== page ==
Entain Has Paid a Fine for Accepting In-Play Wagers

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The Australian Financial Review (AFR), reports that the sports wagering giant Entain has paid the $13,320 fine for accepting illegal bets during the LIV golf tournament. The fine for the violation of the Australian gambling law was imposed by Australian Communications and Media Authority (ACMA).

78 Illegal Bets Accepted:

While the LIV golf tournament was live, Entain’s online sports betting verticals Ladbroke and Neds illegally accepted 78 online bets.  As AFR reports, they thus violated the ”in-play” wagering rule prohibiting real-time wager placements when the sports event is live. Entain, the parent company of the two wagering operations, has paid $13,320 for the infringement, which is the maximum fine for in-play bets as prescribed by the Interactive Gambling Act 2001.

In-Play Betting:

The penalty imposed by Australian Communications and Media Authority (ACMA) on the $16 billion UK-listed sports betting giant was reportedly the first notice issued for a breach of the “in-play” betting rule. But the fine also represents a continuation of a series of regulatory actions to involve Entain operations. The operator is currently expecting the outcome of the Australian anti-money laundering body’s investigation that may incur a $22 million penalty per infringement, as well as multiple regulatory actions.

Entain has already paid a $ 29 million fine to UK Gambling Commission for similar violations, according to the source. But in October 2022, Entain’s subsidiaries Ladbrokes and Neds accepted 78 online bets on the final day of the Bangkok LIV Golf tournament. As ACMA reportedly claims, these bets were placed during the game and represented in-play bets subject to legal sanctions.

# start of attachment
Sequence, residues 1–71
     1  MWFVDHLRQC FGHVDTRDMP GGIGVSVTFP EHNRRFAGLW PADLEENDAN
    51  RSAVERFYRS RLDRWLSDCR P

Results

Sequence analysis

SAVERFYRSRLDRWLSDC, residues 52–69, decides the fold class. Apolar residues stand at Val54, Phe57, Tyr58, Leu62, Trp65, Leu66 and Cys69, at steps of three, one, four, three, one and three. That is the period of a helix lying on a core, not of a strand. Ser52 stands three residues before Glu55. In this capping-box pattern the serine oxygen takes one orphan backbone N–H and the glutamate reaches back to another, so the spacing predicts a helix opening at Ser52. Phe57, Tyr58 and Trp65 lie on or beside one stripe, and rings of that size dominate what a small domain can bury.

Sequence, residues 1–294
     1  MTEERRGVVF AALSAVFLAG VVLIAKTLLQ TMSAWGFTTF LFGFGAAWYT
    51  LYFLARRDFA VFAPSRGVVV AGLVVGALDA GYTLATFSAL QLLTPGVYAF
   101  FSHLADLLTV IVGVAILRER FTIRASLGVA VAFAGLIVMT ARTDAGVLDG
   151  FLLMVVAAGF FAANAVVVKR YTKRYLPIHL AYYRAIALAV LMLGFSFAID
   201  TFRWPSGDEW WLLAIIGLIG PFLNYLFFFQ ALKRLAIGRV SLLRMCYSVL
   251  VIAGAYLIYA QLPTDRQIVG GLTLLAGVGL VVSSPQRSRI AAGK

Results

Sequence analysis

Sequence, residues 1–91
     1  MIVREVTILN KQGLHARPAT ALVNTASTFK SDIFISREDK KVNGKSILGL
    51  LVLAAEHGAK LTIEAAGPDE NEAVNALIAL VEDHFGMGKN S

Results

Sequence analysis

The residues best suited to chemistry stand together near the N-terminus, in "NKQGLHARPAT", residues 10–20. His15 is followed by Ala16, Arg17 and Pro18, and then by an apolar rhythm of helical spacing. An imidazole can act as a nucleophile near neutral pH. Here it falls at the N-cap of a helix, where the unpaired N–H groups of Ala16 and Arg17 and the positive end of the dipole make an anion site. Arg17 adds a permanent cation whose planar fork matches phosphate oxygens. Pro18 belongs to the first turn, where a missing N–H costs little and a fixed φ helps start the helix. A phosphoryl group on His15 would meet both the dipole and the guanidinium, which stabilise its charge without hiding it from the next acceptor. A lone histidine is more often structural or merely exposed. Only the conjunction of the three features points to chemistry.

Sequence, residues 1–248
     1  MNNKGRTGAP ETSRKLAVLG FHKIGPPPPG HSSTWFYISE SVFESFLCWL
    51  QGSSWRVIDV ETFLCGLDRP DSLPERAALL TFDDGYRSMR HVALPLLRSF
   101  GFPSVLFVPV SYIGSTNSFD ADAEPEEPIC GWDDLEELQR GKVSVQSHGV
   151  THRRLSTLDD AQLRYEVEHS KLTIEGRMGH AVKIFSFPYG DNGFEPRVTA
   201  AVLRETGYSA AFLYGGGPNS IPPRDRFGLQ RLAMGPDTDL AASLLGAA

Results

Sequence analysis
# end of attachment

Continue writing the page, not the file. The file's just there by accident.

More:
Bets Voided:

Entain reverted to ACMA explaining that the company had mistakenly entered a discrepant start time of the final event into the wagering systems. It reportedly resulted in 59 wagers accepted through Ladbrokes and 19 through Neds’ services after the start of the event. According to the source, Entain realized the mistake three hours after the start of the game following a suggestion from a customer.

Robust Systems Required:

ACMA reportedly said that all bets were effectively voided. “Online in-play betting increases the risk for those people experiencing gambling harm as it provides fast outcomes and allows for a higher frequency of bets,” ACMA chair Nerida O’Loughlin reportedly said, and added that she was disappointed that a highly experienced operator like Entain did not have internal procedures in place to either prevent or discover the error.

AFR reports that O’Loughlin also said: “The ACMA made it clear to the industry last year that they must have robust systems in place to ensure that online in-play bets are not made available or accepted.”





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